Lewis Chaplin (LC): I first found these images almost four years ago, while researching emergent subcultures of fetishists/obsessives who were finding community and likemindedness through the internet. Many of these people use Flickr in particular to indulge in their private desires, and it was here that I found 2041’s images. I was struck by the rigidity, flatness and compositional skills that his images had. Compared to most who used the image more as a byproduct or vehicle to access their fetishes, 2041’s images seemed more like the images were performed for the camera and the camera only, for the sake of documentation, rather than for anything else.

PP: Is the book 2041 made in collaboration with the subject? If so, how did you make contact, build trust, ensure discretion?

LC: Yes, it is fully collaborative. Contact was made initially by Harry Hardie , who introduced himself as a publisher, and then I was bought into the conversation. I began a regular correspondence with him, which culminated in a face-to-face meeting and then visits to his house, where we collaborated and photographed each other, and I went through his image archives.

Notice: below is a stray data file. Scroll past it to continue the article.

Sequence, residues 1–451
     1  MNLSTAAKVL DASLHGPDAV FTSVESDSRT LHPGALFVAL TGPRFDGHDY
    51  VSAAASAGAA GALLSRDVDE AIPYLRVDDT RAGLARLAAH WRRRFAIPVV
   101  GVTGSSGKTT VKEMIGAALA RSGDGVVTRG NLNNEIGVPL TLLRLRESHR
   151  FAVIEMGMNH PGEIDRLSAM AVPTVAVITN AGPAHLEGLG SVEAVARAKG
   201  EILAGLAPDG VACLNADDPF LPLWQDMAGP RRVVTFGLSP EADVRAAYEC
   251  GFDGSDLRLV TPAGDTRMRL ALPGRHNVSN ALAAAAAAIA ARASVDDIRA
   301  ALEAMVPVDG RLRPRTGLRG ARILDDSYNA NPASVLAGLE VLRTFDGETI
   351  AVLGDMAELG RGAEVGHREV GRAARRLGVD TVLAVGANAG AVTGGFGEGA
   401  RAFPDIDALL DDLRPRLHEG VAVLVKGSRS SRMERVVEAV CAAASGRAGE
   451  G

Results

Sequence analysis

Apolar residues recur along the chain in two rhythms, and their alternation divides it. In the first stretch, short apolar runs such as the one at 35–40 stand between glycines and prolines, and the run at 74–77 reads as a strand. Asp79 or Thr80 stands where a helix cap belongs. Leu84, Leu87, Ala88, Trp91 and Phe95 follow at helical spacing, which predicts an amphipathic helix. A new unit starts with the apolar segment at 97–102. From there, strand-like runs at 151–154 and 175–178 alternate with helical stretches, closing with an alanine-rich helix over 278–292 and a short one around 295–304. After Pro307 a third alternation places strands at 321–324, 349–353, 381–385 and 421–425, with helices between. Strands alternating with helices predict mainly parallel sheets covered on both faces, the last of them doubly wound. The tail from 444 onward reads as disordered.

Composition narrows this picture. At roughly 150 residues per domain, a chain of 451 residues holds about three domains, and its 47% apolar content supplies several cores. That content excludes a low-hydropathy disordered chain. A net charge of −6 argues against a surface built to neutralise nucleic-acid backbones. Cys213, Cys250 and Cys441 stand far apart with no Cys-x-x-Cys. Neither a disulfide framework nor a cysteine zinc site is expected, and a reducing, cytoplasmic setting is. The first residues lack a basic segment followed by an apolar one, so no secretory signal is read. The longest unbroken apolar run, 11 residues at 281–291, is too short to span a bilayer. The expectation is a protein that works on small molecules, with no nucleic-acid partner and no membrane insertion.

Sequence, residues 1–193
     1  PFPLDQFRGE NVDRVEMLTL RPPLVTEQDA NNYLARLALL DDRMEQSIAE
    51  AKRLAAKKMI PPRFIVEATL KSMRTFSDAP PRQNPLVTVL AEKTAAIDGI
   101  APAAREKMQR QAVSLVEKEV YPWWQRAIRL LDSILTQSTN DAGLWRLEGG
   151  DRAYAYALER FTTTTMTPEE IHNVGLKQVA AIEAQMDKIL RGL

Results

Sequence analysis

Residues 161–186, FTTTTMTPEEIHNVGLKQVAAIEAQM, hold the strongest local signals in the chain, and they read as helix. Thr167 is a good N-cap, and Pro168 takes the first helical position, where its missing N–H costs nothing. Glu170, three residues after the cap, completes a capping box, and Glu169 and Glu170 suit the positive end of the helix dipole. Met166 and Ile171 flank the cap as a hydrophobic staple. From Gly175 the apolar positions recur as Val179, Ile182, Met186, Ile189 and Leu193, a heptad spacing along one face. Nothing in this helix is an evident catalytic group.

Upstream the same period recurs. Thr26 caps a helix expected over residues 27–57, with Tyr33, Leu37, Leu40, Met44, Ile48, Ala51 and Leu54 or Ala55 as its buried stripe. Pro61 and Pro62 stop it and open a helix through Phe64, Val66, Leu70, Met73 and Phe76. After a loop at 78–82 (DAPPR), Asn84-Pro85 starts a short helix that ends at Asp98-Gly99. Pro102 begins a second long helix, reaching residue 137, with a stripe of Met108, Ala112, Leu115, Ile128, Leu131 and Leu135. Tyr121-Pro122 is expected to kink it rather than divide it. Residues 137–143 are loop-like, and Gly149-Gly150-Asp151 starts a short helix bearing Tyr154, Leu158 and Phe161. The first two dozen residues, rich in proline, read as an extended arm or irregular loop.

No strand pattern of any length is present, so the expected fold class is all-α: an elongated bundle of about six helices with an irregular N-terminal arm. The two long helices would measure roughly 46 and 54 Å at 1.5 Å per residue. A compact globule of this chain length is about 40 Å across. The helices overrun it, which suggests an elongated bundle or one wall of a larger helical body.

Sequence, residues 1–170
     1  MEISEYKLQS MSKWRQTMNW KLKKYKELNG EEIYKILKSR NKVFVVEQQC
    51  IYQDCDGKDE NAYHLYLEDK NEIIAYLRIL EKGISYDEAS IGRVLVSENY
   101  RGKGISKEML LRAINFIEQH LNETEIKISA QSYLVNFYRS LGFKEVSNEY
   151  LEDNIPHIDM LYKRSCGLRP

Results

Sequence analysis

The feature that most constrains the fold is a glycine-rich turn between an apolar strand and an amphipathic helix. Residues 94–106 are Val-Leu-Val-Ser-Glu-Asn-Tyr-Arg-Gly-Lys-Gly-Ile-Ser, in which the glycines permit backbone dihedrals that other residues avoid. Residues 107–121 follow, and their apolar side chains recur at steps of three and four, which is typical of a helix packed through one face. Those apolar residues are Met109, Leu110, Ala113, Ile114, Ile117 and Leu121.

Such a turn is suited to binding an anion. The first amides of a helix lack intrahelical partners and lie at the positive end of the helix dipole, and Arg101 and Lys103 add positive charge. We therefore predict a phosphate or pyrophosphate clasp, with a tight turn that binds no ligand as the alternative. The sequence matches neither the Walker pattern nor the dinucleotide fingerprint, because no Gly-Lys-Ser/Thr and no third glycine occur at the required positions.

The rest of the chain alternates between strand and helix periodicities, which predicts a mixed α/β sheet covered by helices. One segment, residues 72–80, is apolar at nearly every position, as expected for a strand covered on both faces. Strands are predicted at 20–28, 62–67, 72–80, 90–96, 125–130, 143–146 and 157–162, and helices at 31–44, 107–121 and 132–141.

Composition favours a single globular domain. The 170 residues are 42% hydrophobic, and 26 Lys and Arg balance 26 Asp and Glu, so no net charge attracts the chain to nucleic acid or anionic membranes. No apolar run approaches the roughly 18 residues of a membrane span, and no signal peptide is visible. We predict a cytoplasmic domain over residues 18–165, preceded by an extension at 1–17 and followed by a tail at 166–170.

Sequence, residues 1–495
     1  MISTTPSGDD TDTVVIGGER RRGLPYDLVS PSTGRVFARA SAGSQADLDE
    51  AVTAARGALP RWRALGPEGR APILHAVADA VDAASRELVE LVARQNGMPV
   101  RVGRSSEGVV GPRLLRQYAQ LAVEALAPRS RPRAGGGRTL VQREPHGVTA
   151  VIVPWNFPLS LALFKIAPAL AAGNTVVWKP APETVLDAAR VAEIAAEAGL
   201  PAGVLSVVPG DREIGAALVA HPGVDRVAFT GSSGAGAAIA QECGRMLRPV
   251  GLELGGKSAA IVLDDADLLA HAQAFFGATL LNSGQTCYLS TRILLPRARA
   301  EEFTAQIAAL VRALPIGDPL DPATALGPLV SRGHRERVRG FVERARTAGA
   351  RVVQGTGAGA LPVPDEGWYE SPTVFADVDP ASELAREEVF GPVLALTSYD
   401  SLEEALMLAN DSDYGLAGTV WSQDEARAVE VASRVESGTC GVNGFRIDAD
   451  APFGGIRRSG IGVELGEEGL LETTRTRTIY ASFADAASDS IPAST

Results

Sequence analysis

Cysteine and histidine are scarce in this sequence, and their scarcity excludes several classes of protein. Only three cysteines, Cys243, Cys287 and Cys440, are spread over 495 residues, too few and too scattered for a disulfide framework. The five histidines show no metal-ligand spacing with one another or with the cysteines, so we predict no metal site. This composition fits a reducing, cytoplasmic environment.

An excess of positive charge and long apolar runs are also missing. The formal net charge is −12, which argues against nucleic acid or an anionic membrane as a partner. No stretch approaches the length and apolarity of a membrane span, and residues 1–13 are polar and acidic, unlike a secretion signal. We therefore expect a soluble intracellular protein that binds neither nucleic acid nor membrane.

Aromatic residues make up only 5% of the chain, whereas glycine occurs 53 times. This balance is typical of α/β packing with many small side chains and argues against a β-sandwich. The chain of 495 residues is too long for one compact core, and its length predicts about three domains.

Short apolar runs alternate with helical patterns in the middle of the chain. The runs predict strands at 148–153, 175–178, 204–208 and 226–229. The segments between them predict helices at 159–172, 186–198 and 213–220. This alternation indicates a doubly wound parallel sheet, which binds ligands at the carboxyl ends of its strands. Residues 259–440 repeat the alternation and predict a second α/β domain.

PP: Have all the pictures been verified? Can we know it is the same person under the burqas and niqabs in all the pictures? Does verification matter? Is not knowing something in absolute certainty one of the facets of the images and their use?

LC: I can verify 90% of them through their EXIF data, as we have had access to raw camera files. However, it is not necessarily the same person concealed. I think it is this lack of verification that is the titilating point of these images. Beneath the veil, your physical identity shrinks into a few gestures and outlines, and you can take on the form and countenance of another.

Even now there are images which Ben Weaver (HERE PRESS)  and I cannot decide whether they depict our protagonist or others. To be certain though – this form of image-making is a firmly social practice, one based around solid online and offline networks. A few images in the book give this away, and were you to find 2041 online you would find images of me concealed, for example.

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PP: Why did you want to make this book?

LC: Because I think that unlike many of the images made by people with strange interests on the internet, these images say something very complex about photography. What I like about these images is that there is that they are purely performative gestures – but yet they give nothing away. They reveal the presence of an individual, but not their likeness, or an accurate representation. Something about the concealment of desire, or the hiding of the true likeness of an object in these images actually feels like a very nuanced statement on photography, that at no stage in the process ever actually tries to use the camera to bear any details, or describe anything accurately.